22. Sudan.jpg


Sudan is a country with an approximate area of 2506 thousand sq. km. (UNO, 2001). Its population is 34.333 million, and the sex ratio (men per hundred women) is 101 (UNO, 2004). The proportion of population under the age of 15 years is 39% (UNO, 2004), and the proportion of population above the age of 60 years is 6% (WHO, 2004). The literacy rate is 70.8% for men and 49.1% for women (UNESCO/MoH, 2004).

The country is a low income group country (based on World Bank 2004 criteria). The proportion of health budget to GDP is 3.5%. The per capita total expenditure on health is 39 international $, and the per capita government expenditure on health is 7 international $ (WHO, 2004). The main language(s) used in the country is (are) Arabic and English. The largest ethnic group(s) is (are) Arab and African. The largest religious group(s) is (are) Muslim, and the other religious group(s) are (is) indigenous groups and Christian. The life expectancy at birth is 54.9 years for males and 59.3 years for females (WHO, 2004). The healthy life expectancy at birth is 47 years for males and 50 years for females (WHO, 2004).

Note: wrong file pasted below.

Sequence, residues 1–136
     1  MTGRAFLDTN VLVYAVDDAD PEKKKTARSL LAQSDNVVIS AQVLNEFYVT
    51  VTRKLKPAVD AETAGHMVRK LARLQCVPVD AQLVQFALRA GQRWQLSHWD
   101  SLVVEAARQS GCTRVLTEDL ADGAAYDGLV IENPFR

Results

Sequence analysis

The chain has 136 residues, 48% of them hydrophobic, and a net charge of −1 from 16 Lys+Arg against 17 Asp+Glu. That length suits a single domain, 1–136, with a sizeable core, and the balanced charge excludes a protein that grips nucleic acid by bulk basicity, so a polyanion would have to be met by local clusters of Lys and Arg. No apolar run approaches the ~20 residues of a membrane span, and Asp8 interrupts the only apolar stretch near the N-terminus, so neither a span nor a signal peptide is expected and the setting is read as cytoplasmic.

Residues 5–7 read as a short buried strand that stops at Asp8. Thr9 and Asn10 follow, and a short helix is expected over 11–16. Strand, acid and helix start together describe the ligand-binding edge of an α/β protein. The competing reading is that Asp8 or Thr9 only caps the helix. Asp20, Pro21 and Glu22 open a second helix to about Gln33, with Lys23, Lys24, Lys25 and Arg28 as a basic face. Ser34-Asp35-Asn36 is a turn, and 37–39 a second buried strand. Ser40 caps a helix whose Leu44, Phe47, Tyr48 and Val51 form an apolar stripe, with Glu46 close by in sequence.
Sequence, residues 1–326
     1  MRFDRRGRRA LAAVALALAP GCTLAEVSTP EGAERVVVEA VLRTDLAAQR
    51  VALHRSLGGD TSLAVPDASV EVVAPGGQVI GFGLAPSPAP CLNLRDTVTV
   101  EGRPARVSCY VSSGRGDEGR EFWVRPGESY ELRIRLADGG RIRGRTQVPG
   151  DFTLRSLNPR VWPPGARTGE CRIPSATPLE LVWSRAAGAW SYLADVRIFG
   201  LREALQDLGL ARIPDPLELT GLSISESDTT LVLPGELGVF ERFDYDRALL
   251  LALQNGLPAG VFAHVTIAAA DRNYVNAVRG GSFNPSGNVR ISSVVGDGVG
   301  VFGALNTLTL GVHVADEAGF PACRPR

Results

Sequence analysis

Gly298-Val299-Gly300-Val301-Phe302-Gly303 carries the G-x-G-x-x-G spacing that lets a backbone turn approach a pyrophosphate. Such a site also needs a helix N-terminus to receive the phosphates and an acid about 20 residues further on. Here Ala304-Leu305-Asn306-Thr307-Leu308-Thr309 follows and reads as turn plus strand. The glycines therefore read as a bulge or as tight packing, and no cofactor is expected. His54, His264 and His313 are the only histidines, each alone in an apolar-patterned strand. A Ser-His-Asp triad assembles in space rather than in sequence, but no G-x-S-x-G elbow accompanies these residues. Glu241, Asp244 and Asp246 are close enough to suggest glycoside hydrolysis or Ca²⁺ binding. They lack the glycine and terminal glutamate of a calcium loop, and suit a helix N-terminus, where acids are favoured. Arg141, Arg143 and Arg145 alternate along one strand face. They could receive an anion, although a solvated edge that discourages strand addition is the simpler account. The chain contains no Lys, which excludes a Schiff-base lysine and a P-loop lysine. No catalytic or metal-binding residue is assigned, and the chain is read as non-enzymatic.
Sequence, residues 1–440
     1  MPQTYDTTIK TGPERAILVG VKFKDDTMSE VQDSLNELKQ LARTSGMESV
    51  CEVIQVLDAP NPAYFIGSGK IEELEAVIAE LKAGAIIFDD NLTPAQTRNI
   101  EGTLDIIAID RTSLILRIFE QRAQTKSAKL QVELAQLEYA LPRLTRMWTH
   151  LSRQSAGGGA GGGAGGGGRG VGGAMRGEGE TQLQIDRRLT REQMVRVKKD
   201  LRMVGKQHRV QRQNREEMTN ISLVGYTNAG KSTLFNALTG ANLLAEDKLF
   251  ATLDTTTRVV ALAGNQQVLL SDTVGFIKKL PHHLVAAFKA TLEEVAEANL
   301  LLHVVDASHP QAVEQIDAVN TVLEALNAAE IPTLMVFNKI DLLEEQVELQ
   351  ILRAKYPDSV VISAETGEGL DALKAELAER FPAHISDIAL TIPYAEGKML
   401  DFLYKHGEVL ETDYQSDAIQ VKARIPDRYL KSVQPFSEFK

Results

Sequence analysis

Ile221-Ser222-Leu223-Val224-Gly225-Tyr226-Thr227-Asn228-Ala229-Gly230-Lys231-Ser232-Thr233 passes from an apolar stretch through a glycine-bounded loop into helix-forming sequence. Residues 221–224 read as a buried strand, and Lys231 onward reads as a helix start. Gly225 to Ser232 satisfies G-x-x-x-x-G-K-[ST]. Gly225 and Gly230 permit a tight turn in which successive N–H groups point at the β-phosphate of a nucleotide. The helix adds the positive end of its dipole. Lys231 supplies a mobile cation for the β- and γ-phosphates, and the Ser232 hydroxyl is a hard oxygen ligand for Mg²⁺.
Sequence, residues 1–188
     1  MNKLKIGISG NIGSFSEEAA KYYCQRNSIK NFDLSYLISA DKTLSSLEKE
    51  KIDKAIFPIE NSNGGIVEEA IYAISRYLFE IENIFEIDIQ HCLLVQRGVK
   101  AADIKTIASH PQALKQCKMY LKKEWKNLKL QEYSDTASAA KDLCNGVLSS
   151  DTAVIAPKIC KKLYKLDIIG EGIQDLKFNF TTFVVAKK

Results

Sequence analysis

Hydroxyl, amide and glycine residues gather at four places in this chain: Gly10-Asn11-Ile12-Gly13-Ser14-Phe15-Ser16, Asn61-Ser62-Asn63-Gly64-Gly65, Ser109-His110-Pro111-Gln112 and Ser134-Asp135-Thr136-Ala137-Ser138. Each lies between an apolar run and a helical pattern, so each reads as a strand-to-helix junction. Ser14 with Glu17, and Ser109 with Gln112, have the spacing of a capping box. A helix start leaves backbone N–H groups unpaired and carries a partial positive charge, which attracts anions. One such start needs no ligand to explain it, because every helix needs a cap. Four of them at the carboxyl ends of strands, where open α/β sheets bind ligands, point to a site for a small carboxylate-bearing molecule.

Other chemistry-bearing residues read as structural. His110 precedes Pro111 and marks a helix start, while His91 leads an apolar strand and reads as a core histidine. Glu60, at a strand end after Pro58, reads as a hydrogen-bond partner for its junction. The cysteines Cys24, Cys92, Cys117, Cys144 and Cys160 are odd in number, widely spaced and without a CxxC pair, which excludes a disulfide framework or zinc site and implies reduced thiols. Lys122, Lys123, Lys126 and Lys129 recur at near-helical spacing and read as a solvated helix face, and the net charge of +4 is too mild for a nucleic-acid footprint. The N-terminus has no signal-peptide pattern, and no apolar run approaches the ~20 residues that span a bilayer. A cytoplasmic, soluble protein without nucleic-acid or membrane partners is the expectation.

Rahim and Cederblad (1989) evaluated a sample of 204 subjects aged 22-35 years using the Self-Rating Questionnaire, the Eysenck Personality Inventory and a Sudanese rating scale of anxiety and depression, a psychiatric interview and a medical examination. Results showed that 16.6% of the subjects had at least one disorder as per DSM-III. The most common were depression (8.4%) and generalized anxiety (3.4%). Alcohol abuse was rare (0.4%). There was no sex difference in the prevalence of mental disorders.